Sunday, June 10. 2007
Posted by Editors in on Sunday, June 10. 2007
New York Times:
“Albania is for sure the most pro-American country in Europe, maybe even in the world,” said Edi Rama, Tirana’s mayor and leader of the opposition Socialists. “Nowhere else can you find such respect and hospitality for the president of the United States. Even in Michigan, he wouldn’t be as welcome.”
Defined tags for this entry: Anti-Americanism
Related entries by tags:
Display comments as (Linear | Threaded)
Anonymous - #1 - 2007-06-10 12:48 -
Albanians like the US? Did not they watch "Wag the Dog"?
Pat Patterson - #2 - 2007-06-11 01:54 -
Not surprising considered there are possibly more Albanians living in New York than Tirana. And the US likes the Albanians but I think that is because their flag is often mistaken for a fan banner at a Metallica concert.
GM Roper - #2.1 - 2007-06-12 17:07 -
Having never been to a Metallica concert, I can't speak to that, but the Albanians sure do love the USA and seem to attach to any US President that visits there. Hmmm, will the Bills and Hillary's outnumber the George's? Tune in in 10 months and we'll see. ;-)
Reid of America - #3 - 2007-06-13 00:29 -
Israel is the most pro-American country in the world.
JW-Atlantic Review - #3.1 - 2007-06-13 01:44 -
Are you sure? Most Israelis appreciate US support in recent decades, but are also concerned about US foreign policy in recent years: The Iraq war has made Israel less safe. Saddam was not a big problem for Israel after they bombed Osirak in 1981. Israel is concerned about Iran. The Iraq war strengthened Iran. Besides, the Iraq increased Anti-Americanism and Anti-Jewish conspiracy theories, like "neocon jews controlling the US government started the Iraq war" and other nonsense. Bremer's brilliant idea to design an Iraqi flag that looked like Israel's flag was not very helpful either.
Pat Patterson - #3.1.1 - 2007-06-13 02:26 -
So during the 2nd Gulf War those 39 SCUDS that landed on Israel were in reality children's kites that just happened to blow over the border? And that Saddam continued to pay $25,000 to the Palestinian families of bombers thus tacitly offering other families with the promise of reward money to encourage their sons to blow themselves and anybody near by to pieces. As to a rising incidences of anti-Semitism I would refer to that infamous film from 1940, The Jew Suss. What's noteworthy is that the anti-Semitism of the Germany at that time is nonexistent today.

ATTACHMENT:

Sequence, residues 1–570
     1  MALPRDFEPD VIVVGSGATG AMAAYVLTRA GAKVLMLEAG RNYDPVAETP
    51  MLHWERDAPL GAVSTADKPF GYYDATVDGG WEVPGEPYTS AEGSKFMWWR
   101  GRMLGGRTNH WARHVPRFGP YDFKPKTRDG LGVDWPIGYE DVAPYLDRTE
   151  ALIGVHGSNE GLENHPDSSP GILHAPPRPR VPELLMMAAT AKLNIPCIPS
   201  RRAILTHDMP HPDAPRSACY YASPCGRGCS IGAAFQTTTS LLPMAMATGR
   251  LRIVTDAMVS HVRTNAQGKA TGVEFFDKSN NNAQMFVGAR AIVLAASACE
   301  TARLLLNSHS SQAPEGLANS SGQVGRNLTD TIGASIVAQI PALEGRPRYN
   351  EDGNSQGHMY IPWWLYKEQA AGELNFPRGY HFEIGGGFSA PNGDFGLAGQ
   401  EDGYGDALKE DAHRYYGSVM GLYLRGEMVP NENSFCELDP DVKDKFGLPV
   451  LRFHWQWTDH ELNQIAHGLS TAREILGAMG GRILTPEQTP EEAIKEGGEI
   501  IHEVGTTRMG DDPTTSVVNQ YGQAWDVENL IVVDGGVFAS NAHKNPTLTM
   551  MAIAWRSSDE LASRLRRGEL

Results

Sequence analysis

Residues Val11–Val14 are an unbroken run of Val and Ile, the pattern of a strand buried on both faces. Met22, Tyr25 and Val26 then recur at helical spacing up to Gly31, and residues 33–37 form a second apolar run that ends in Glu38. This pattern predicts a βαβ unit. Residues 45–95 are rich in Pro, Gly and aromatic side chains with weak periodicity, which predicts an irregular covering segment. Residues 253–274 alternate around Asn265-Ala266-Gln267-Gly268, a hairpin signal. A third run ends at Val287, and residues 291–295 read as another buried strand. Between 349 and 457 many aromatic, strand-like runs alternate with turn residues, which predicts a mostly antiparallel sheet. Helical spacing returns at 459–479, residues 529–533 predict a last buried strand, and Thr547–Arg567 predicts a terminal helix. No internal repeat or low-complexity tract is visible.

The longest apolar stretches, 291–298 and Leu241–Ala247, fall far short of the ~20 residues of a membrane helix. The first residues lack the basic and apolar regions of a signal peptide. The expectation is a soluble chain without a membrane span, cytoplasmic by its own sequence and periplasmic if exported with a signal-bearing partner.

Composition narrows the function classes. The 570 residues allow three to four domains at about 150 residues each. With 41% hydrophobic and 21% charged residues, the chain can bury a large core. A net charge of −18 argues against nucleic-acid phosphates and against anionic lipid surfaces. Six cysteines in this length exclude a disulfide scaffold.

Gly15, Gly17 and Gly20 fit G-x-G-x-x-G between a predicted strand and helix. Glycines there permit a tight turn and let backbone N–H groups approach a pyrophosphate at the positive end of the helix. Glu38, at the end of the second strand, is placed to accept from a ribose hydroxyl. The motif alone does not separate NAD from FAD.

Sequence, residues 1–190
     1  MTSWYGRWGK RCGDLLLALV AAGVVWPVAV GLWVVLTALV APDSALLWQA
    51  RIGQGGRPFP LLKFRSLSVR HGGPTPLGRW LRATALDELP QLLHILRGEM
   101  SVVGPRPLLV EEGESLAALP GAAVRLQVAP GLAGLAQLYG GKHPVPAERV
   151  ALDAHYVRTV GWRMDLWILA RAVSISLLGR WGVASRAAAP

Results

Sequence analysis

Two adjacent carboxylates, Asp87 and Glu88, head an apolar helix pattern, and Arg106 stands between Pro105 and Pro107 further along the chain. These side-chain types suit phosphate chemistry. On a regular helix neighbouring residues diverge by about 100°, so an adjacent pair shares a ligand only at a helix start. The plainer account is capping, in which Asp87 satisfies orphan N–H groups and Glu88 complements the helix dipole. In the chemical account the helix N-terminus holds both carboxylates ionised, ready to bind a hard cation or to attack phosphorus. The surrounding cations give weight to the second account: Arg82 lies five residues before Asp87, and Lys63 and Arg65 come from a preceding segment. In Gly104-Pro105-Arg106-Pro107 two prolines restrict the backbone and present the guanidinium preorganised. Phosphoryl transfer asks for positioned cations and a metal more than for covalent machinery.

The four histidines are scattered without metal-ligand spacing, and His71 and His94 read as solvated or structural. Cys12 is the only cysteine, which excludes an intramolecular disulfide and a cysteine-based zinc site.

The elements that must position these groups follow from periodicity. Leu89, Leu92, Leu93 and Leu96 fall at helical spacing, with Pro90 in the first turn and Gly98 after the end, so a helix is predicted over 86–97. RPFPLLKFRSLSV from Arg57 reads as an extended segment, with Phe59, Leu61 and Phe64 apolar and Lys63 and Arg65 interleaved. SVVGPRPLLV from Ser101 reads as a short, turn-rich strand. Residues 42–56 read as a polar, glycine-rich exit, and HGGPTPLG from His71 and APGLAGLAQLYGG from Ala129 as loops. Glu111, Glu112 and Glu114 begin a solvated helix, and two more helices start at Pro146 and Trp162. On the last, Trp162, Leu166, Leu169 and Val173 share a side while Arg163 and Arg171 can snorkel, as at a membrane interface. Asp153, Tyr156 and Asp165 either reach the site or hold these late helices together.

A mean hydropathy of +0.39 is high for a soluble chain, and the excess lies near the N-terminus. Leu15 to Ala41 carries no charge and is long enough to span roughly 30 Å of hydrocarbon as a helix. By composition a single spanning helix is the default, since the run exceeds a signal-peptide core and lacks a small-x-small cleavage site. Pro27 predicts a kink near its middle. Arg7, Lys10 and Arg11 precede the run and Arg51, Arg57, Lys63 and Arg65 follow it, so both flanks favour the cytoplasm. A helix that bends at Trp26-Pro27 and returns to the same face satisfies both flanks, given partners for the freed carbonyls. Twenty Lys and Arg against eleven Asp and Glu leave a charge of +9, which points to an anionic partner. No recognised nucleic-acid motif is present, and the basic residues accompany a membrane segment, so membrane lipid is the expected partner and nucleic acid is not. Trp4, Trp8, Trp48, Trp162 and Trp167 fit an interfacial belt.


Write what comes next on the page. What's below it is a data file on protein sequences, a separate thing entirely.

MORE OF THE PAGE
JW-Atlantic Review - #22.214.171.124 - 2007-06-13 03:23 -
From Haaretz: "Disentangling Israeli interests from the rubble of neocon "creative destruction" in the Middle East has become an urgent challenge for Israeli policy-makers. An America that seeks to reshape the region through an unsophisticated mixture of bombs and ballots, devoid of local contextual understanding, alliance-building or redressing of grievances, ultimately undermines both itself and Israel." [url]http://www.haaretz.com/hasen/objects/pages/PrintArticleEn.jhtml?itemNo=746312[/url] I have read similar texts, but can't find them. And I have spoken to Israelis, who do not approve of the Iraq war.
JW-Atlantic Review - #126.96.36.199.1 - 2007-06-13 03:30 -
@ Pat Please, correct me, if I my memory proves wrong: I think I read that the Israelis wanted to restart peace negotiations with Syria for a long time, but the US asked Israel not to do so. Why was the US interfering? Israelis don't like that. Now Israel is sending signals to Syria anyway.
Pat Patterson - #188.8.131.52.2.1 - 2007-06-13 04:28 -
As much as I tried I couldn't find any reference to any idea that the US asked Israel to take any certain postion concerning the Golan Heights. Even the "new" position of PM Olmert is probably wishful thinking on the Syrians part as he said, "The State of Israel is open to any murmur of peace from out neighbors," and etc. After the fiasco of Ehud Barak offering to withdraw and leave behind a demilitarized Golan and Syrian riparian rights restored I think that that idea is not likely. Simply standing on the heights and seeing how much of Israel is at risk would indicate the unliklihood of turning it over to Syria. The problem arises is in that Syria has placed the return of the Golan as a precondition so is Israel hints at talks then the Syrians assume that they will get it back.